'im. This is a tip. Keep it dark. Say, won't Freddie be hot?"
Benson looked as if he had been compelled to endure these exhibitions
of insanity for a century. "Oh, you fellows are off. Pop can't beat
Freddie. He's an old bat. Why, it's impossible. Pop can't beat Freddie."
"Can't he? Want to bet he can't?" said the kids. "There now, let's
see—you're talking so large."
"Oh, bet. Bet or else close your trap. That's the way."
"How do you know you can pull off the race? Seen Freddie?"
"Well, see him then. Can't bet with no race arranged. I'll bet with you
all right—all right. I'll give you fellows a tip though—you're a pair
of asses. Pop can't run any faster than a brick school-house."
The kids scowled at him and defiantly said—"Can't he?" They left him
and went to the Casa Verde. Freddie, beautiful in his white jacket, was
holding one of his innumerable conversations across the bar. He smiled
when he saw them. "Where you boys been?" he demanded, in a paternal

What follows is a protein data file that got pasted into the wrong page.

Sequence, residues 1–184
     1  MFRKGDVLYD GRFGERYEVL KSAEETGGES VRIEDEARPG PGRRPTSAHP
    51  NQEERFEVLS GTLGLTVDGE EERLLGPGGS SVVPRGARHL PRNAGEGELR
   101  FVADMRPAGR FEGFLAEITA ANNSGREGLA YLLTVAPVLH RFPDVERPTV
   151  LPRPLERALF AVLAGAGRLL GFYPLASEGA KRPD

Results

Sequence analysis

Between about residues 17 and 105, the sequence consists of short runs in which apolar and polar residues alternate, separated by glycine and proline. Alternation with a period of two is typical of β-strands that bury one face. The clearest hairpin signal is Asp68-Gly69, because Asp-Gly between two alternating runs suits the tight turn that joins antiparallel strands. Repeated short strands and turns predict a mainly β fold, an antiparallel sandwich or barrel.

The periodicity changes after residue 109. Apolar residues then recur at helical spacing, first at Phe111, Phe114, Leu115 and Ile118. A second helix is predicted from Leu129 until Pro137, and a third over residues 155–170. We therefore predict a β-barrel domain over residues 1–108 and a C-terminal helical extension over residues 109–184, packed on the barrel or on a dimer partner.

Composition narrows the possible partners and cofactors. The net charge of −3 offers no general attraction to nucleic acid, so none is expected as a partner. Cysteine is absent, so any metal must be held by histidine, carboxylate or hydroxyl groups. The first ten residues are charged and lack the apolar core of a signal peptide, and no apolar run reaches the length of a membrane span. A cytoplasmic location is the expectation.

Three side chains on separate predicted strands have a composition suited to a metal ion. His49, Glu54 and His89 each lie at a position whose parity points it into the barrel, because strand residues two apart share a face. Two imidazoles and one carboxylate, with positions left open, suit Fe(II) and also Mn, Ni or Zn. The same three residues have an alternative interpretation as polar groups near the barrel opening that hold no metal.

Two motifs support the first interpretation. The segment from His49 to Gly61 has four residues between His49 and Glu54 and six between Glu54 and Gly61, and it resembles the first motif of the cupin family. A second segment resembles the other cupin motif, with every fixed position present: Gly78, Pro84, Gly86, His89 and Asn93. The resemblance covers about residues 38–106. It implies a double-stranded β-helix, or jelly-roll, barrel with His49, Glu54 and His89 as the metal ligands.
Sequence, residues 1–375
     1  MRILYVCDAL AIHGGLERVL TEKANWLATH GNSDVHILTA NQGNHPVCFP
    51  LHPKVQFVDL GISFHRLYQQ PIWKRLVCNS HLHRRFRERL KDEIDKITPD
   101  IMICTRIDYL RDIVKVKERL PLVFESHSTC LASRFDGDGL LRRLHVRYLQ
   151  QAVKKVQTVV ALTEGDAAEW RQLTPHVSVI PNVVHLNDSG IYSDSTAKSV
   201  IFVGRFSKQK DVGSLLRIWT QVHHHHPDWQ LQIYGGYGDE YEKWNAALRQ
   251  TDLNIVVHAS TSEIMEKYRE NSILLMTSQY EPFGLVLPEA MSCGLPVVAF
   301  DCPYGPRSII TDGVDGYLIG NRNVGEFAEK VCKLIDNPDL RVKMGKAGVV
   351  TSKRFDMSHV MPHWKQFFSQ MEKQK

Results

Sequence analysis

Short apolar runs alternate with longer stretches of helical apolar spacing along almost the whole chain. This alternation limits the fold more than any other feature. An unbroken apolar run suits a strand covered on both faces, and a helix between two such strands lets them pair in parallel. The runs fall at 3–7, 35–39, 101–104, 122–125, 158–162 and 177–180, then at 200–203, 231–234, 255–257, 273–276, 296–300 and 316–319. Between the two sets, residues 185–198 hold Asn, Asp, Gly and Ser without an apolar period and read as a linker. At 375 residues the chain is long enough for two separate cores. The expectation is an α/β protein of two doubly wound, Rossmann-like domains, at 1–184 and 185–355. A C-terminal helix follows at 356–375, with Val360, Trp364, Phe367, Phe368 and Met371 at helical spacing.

tone. Almost all the proprietors of American cafés in the city used to
adopt a paternal tone when they spoke to the kids.
"Oh, been 'round,'" they replied.
"Have a drink?" said the proprietor of the Casa Verde, forgetting his
other social obligations. During the course of this ceremony one of the
"Freddie, Pop says he can beat you running."
"Does he?" observed Freddie without excitement. He was used to various
snares of the kids.
"That's what. He says he can leave you at the wire and not see you
"Well, he lies," replied Freddie placidly.
"And I'll bet you a bottle of wine that he can do it, too."
"Rats!" said Freddie.
"Oh, that's all right," pursued a kid. "You can throw bluffs all you
like, but he can lose you in a hundred yards' dash, you bet."
Freddie drank his whisky, and then settled his elbows on the bar.
"Say, now, what do you boys keep coming in here with some pipe-story
all the time for? You can't josh me. Do you think you can scare me
about Pop? Why, I know I can beat him. He can't run with me. Certainly
not. Why, you fellows are just jollying me."
"Are we though!" said the kids. "You daren't bet the bottle of wine."
"Oh, of course I can bet you a bottle of wine," said Freddie
disdainfully. "Nobody cares about a bottle of wine, but——"
"Well, make it five then," advised one of the kids.